sat 20/07/2024

Music Reissues Weekly: The Best of Roxy Music | reviews, news & interviews

Music Reissues Weekly: The Best of Roxy Music

Music Reissues Weekly: The Best of Roxy Music

What was on CD two decades ago reappears on vinyl

A pensive-looking Roxy Music in 1972Brian Cooke

In summer 2001, The Best of Roxy Music reached number 12 on the album charts. The 18-track compilation tied-in with the band’s reunion tour, which kicked off that June. Original band members Bryan Ferry, Andy MacKay, Phil Manzanera and Paul Thompson came together for the dates. They’d last played live in May 1983, after which they split.

The Best of Roxy Music was CD-only and now reappears as a double album to coincide with the band’s 50th-anniversary shows, presently on-going in the US. The UK dates begin in October. Between the 2001 shows and what’s in this year’s diary, there were tours in 2003, 2005, 2006, 2010 and 2011. The current US performances have featured an unsurprising set list: nothing unexpected has been played. Not a re-make or re-model then.

The Best Of Roxy MusicWhile issuing something to mark the new shows is predictable, the unimaginative return of The Best of Roxy Music raises questions. Is what was defined as the best-of in 2001 the same as what might be chosen in 2022? Nonetheless, here this is – a collection sequencing its tracks in reverse chronological order of their release dates. Ten are from the band’s purple period of 1972 to 1976 (six feature the Eno line-up) and eight date from their 1979 to 1983 return. It’s mostly what was on single, but there are a few album tracks.

Beyond being on vinyl, the selling point is half-speed mastering. It sounds punchy and open but lacks the attractive compression which helped define the impact and oomph of the original singles of “Virginia Plain,” “Pyjamarama,” “All I Want is You” and “Both Ends Burning.” It’s pressed by the Czech Republic’s GZ Media. An unspecified number – “limited,” according to the promotional material – of copies are on yellow, rather than black, vinyl.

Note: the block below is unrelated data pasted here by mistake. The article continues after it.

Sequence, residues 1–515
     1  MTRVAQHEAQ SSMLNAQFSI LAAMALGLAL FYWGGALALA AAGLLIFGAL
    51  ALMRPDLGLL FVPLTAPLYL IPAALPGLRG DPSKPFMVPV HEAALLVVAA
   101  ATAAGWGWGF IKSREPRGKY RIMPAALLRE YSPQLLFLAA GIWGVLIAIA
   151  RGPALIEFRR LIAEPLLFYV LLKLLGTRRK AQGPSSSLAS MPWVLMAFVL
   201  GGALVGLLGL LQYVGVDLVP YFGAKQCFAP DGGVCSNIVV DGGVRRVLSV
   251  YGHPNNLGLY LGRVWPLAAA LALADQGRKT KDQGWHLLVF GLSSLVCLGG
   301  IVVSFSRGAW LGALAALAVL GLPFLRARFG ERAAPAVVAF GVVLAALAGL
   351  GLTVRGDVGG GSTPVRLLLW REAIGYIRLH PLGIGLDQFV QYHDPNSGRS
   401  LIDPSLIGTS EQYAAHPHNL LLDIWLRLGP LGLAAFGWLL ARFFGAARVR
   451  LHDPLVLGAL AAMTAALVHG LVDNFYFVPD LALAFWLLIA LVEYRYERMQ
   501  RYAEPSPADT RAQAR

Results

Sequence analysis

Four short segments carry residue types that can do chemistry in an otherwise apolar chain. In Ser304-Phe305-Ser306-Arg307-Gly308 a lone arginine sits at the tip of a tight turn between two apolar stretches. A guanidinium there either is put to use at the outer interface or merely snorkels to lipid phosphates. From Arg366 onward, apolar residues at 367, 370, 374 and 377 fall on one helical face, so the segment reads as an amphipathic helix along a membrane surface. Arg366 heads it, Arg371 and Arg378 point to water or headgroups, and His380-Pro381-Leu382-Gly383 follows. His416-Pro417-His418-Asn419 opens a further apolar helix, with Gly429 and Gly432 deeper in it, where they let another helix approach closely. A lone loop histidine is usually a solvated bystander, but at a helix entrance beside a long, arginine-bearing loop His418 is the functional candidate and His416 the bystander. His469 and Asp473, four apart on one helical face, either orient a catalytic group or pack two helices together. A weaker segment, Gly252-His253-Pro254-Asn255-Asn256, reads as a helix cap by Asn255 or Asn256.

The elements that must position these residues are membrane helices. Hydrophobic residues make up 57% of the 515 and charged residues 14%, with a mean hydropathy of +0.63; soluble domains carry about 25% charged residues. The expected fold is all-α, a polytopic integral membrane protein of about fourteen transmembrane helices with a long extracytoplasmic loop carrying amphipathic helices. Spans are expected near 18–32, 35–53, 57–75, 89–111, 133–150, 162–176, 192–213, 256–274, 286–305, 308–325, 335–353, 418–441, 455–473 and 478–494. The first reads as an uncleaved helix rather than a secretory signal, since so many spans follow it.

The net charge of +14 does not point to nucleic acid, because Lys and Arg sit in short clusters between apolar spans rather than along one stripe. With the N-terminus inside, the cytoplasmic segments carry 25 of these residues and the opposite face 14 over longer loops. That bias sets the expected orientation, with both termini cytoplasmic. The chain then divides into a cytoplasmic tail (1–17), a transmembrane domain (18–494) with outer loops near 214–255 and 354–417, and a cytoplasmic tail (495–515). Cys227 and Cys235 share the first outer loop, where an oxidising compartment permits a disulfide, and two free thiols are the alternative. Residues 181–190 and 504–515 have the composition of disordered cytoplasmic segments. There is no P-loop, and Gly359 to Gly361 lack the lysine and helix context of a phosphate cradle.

As to questions, another is what this is mastered from. Nothing is said about this on the record’s sleeve or in the promotional material, so it’s a fair bet the audio source is the master compiled for the 2001 CD release. With respect to what’s on offer, the promo bumph says the album has “restored and enhanced artwork, lyrics, and has been remastered at half-speed by Miles Showell at Abbey Road Studios.” No clues there about the audio source. This matters.

Roxy Music Virginia Plain germanySo in all probability, what’s heard reuses a digital master from 2001. If this is the case, the original master tapes have not been used – the tapes contemporary with what was issued originally; the master tapes for “Re-Make/Re-Model,” “Virginia Plain,” “Pyjamarama” and so on all the way up to track one, “Avalon.”

Another question then comes into play. Digital mastering must have developed in the years between 2001 and 2022. Are there limitations to the audio of the new The Best Of Roxy Music which are inherent to its source? Back in 2001, the CD’s tracks were annotated as either "1999 Digital Remaster" or, for "Jealous Guy" only, "2000 Digital Remaster." Is what’s being sold now for around £34 sourced from digital masters created 22 or 23 years ago?

While much of the above is conjecture, a reasonable chance remains that the original master tapes for each of the 18 tracks on the new vinyl The Best Of Roxy Music were not used in its production. However, it does sound great and much of the music is amongst the best generated by any British band. Nothing will ever dampen the thrill of experiencing, say, “Both Ends Burning.” As the years pass, “Virginia Plain’s” debt to motorik is increasingly intriguing – the first Neu! album was issued before “Virginia Plain.” And whatever it is that’s bought, the best of Roxy Music remains unbeatable.


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